We used human fetal bone marrow-derived mesenchymal stromal cells (hfMSCs) differentiating towards chondrocytes as an
alternative model for the human growth plate (GP). Our aims were to study gene expression patterns associated with
chondrogenic differentiation to assess whether chondrocytes derived from hfMSCs are a suitable model for studying the
development and maturation of the GP. hfMSCs efficiently formed hyaline cartilage in a pellet culture in the presence of
TGFb3 and BMP6. Microarray and principal component analysis were applied to study gene expression profiles during
chondrogenic differentiation. A set of 232 genes was found to correlate with in vitro cartilage formation. Several identified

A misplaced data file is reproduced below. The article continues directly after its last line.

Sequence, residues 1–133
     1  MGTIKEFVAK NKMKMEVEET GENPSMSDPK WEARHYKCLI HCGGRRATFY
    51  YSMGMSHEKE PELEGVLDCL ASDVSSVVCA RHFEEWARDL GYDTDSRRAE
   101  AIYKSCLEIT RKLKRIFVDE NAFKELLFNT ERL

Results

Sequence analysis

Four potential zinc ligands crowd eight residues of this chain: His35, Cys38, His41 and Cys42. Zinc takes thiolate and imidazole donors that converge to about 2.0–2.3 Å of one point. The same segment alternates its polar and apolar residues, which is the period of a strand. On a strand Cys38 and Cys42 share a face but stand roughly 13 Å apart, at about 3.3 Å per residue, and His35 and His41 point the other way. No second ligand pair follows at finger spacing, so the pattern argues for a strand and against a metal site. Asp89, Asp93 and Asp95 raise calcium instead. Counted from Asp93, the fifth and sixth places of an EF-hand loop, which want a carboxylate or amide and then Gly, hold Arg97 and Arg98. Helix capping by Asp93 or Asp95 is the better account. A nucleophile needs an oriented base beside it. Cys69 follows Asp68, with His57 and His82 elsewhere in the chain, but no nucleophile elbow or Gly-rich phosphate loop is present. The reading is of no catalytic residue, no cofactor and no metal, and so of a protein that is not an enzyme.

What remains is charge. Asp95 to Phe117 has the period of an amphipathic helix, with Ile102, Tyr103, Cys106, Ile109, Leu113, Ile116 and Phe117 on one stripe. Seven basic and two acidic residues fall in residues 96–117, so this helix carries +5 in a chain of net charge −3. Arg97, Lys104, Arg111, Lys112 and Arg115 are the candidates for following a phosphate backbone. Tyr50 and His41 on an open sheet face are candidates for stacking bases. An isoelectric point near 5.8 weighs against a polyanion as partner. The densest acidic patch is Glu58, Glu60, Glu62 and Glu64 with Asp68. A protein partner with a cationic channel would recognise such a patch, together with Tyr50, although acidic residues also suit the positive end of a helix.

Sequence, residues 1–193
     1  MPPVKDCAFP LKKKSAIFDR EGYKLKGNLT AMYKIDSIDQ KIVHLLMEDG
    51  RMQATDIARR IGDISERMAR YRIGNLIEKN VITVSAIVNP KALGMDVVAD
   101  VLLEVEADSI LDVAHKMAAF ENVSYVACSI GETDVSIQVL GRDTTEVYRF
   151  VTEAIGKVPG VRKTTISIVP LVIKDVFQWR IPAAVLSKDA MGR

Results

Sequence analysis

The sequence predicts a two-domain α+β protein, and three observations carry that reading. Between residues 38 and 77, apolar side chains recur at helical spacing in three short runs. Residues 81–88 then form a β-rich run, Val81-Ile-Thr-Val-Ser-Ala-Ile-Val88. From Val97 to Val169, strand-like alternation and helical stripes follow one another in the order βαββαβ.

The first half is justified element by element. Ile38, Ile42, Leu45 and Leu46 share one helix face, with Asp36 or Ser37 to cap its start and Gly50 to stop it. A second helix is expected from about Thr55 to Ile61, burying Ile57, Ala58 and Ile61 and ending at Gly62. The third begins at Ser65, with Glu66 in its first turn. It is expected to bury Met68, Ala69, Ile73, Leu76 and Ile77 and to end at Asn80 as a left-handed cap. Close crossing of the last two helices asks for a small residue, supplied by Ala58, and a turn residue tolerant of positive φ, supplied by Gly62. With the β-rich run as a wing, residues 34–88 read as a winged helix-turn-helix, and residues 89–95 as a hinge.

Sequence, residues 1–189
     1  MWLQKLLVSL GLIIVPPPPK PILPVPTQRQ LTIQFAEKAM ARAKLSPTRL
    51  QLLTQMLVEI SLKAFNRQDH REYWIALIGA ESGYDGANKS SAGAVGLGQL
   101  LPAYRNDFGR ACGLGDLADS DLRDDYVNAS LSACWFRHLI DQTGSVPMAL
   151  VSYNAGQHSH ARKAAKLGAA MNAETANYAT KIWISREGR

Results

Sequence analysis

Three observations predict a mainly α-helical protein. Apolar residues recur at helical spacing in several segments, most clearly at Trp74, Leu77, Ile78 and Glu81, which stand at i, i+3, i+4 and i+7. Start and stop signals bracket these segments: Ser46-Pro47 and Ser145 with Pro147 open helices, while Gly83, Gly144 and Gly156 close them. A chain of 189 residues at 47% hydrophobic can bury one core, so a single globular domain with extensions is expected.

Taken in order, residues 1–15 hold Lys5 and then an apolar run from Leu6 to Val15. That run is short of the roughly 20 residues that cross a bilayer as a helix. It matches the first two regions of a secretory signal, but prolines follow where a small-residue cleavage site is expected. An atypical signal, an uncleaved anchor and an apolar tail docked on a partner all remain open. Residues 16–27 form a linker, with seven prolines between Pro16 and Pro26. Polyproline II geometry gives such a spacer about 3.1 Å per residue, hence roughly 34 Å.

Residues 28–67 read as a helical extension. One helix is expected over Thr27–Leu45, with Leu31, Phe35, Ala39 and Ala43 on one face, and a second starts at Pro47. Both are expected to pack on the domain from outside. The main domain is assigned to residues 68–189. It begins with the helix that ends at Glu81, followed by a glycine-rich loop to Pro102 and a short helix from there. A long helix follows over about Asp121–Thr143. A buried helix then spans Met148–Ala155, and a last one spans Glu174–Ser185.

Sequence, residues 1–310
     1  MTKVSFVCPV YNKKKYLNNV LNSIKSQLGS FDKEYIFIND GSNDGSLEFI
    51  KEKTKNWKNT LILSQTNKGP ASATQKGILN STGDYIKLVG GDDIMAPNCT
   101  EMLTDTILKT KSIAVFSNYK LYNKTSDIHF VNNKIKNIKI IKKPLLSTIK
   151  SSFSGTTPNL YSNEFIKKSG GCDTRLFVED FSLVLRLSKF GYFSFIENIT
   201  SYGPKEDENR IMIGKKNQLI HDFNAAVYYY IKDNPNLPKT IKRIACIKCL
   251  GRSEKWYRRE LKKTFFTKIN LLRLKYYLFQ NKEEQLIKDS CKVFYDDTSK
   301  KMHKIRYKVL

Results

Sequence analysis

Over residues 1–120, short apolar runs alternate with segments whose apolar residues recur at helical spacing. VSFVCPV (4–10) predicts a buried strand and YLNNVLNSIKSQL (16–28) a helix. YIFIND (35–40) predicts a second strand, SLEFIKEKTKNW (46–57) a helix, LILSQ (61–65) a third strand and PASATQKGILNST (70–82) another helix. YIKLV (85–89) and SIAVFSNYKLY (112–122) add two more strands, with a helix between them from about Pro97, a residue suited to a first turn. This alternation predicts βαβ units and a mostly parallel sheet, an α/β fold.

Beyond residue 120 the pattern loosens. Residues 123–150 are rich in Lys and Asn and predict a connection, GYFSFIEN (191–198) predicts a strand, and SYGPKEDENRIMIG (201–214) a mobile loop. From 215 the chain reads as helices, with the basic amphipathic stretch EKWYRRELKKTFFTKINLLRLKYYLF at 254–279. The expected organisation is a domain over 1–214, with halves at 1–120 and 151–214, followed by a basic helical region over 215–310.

genes are known to be involved in cartilage formation and validate the robustness of the differentiating hfMSC model.
KEGG pathway analysis using the 232 genes revealed 9 significant signaling pathways correlated with cartilage formation.
To determine the progression of growth plate cartilage formation, we compared the gene expression profile of
differentiating hfMSCs with previously established expression profiles of epiphyseal GP cartilage. As differentiation towards
chondrocytes proceeds, hfMSCs gradually obtain a gene expression profile resembling epiphyseal GP cartilage. We
visualized the differences in gene expression profiles as protein interaction clusters and identified many protein clusters that
are activated during the early chondrogenic differentiation of hfMSCs showing the potential of this system to study GP